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Do you have fibromyalgia?

Maybe you've been to several doctors, trying to find answers.  Maybe you've had pain for years, and you're not sure why.  Maybe you've been told that you are perfectly healthy, and that perhaps you just need to exercise more, learn how to handle stress,  go for counseling.  You may think you're fine; after all, you're symptoms seem to come and go, and change.  But something keeps nagging at you.  You can't stop thinking that there is something wrong.  Can all of these weird symptoms somehow be connected?  Is my abdominal pain somehow related to my back pain and tension?  Does my recurrent sinusitis have anything to do with my TMJ?  Do my legs Itch so badly because of allergies?  

Maybe you've been to physical therapy, a chiropractor, massage therapy, acupuncture, psychotherapy, other specialists, and haven't seen much improvement.  You wonder Am I crazy?  
Maybe you've been told that you have irritable bowel syndrome, TMJD, depression, allergies, GERD, Migraines, recurrent sinusitis, or any number of other conditions.  

Can this all be in your head?  Do you ever wonder if maybe you are a hypochondriac?
If you feel that you may have fibromyalgia, it's important to see your doctor for a diagnosis.  Please Do not diagnose yourself.  Some of your symptoms could be related to other serious illnesses.  It is important to go over all of your symptoms thoroughly with your doctor.  I recommend bringing in a list of every symptom you can think of, whether you think it's related or not.   Your list of symptoms can help your doctor determine what to do next.  You may need a referral to a rheumetologist (room-a-tol-a-jist).  

Diagnosing fibromyalgia (FM, FMS) can be difficult.  A lot of the symptoms are similar to other conditions, such as, lupus, Multiple sclerosis, Parkinson's, lyme disease, arthritis, myofascial pain syndrome, chronic fatigue syndrome, polymyalgia rhuematica, hypothyroidism, or many others.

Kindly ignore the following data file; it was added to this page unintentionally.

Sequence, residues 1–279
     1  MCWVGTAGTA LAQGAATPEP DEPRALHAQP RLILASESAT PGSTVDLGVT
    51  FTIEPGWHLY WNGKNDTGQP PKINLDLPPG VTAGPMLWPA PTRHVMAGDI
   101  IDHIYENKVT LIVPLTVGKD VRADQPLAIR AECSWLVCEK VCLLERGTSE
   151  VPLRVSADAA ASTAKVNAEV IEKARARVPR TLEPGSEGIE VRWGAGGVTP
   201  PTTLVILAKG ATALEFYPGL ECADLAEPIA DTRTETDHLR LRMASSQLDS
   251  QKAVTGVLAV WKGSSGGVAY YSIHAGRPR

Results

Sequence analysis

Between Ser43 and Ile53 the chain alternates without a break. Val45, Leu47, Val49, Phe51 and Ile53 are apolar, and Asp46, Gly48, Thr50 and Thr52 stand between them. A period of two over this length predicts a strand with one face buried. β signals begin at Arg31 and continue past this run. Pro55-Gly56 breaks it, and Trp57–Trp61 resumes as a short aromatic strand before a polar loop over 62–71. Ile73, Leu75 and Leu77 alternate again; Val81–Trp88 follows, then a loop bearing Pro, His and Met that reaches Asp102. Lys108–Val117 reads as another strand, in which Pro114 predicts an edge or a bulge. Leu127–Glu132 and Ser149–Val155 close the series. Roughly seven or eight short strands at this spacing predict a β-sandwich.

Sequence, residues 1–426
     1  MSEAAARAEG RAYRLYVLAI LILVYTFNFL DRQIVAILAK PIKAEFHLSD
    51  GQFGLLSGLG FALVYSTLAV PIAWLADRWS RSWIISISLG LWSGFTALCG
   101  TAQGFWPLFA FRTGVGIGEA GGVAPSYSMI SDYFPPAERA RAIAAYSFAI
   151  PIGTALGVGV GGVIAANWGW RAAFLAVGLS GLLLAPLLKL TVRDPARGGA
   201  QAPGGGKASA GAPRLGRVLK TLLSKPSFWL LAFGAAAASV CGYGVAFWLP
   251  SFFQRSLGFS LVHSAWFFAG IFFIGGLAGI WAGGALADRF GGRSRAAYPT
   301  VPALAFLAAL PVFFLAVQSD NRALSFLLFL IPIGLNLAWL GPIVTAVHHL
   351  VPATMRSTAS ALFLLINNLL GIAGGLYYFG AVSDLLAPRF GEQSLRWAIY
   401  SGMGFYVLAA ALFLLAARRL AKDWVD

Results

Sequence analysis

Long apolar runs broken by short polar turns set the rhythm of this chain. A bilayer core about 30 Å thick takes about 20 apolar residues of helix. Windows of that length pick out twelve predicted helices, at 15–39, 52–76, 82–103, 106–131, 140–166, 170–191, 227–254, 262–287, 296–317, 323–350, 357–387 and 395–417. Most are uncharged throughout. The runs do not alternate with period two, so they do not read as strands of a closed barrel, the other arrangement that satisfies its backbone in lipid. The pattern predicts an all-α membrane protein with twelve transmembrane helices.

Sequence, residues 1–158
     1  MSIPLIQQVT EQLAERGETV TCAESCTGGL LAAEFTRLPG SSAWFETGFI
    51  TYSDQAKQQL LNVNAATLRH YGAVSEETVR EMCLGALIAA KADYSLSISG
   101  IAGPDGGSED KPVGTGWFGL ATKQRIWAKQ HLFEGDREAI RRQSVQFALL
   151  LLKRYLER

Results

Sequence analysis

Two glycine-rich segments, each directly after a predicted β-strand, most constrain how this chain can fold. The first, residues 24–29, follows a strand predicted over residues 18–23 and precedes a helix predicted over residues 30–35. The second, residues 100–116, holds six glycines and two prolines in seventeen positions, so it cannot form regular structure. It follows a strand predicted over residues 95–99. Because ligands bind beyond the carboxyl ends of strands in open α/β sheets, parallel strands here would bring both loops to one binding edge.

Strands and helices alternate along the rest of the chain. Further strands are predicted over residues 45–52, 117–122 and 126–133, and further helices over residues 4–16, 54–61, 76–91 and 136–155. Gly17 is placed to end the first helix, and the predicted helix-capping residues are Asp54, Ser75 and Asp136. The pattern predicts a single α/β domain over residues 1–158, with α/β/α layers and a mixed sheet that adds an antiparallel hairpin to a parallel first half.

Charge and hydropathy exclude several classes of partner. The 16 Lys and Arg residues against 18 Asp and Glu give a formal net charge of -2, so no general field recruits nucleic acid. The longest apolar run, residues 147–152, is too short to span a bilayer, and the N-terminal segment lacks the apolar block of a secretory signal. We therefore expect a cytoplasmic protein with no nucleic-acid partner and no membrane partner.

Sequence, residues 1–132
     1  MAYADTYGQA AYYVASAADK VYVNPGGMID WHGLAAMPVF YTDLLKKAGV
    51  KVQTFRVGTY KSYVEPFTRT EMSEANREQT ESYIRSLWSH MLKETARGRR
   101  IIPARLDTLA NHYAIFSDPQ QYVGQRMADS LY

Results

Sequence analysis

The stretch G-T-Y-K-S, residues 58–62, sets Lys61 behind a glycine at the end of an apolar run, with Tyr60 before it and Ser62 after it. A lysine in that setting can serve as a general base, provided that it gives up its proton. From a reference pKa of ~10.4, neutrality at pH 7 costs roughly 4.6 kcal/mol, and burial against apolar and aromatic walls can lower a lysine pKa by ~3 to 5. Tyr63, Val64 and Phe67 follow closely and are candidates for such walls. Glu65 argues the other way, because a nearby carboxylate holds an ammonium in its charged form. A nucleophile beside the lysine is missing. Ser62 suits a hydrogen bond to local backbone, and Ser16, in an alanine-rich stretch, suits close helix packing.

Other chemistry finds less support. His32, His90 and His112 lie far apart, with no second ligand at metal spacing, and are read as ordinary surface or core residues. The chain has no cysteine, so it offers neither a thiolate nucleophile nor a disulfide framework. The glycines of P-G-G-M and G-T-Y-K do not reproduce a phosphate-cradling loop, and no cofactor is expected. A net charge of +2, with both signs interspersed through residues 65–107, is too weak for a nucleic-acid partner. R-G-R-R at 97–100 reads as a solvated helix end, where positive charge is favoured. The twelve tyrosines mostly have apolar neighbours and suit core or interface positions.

Diagnosing FMS is mostly ruling out other disorders.  Your doctor should take a thorough history, and read over your list of symptoms.  You will probably need to have some blood tests, and possibly x-rays, CT scans, or MRI.
Don't be surprised if most or all of your tests come back negative.  
You will also receive a tender points check.  The doctor will simply press on certain spots and you will report whether or not there is pain.  

To be diagnosed with FM, you need to have pain in all four quadrants (above the waist, below the waist, right side, and left side) for at least three months, have 11 or more of 18 tender points, and have other conditions ruled out.  

In addition to your list of symptoms, you may want to give your doctor a list of all the medications you have taken in the past, and present, a list of any tests you've had done, and where they were done, and a description  of things you have done in the past such as physical therapy, counseling, massage, etc.

Your doctor should listen to you, respect you, address your concerns, and answer your questions.   If you need a referral, ask what you can do in the meantime for sleeping problems, pain, or anything else that's bothering you.  
If you feel that your doctor isn't listening to you or if your doctor doesn't seem to believe you, and your symptoms, maybe it's time to search for a different doctor.
You have rights as a patient, and those rights should never be violated.
Unfortunately, too many FM patients go to doctor after doctor in search of answers.  It can frustrating enough going through all your symptoms, you don't need a doctor that won't even believe them.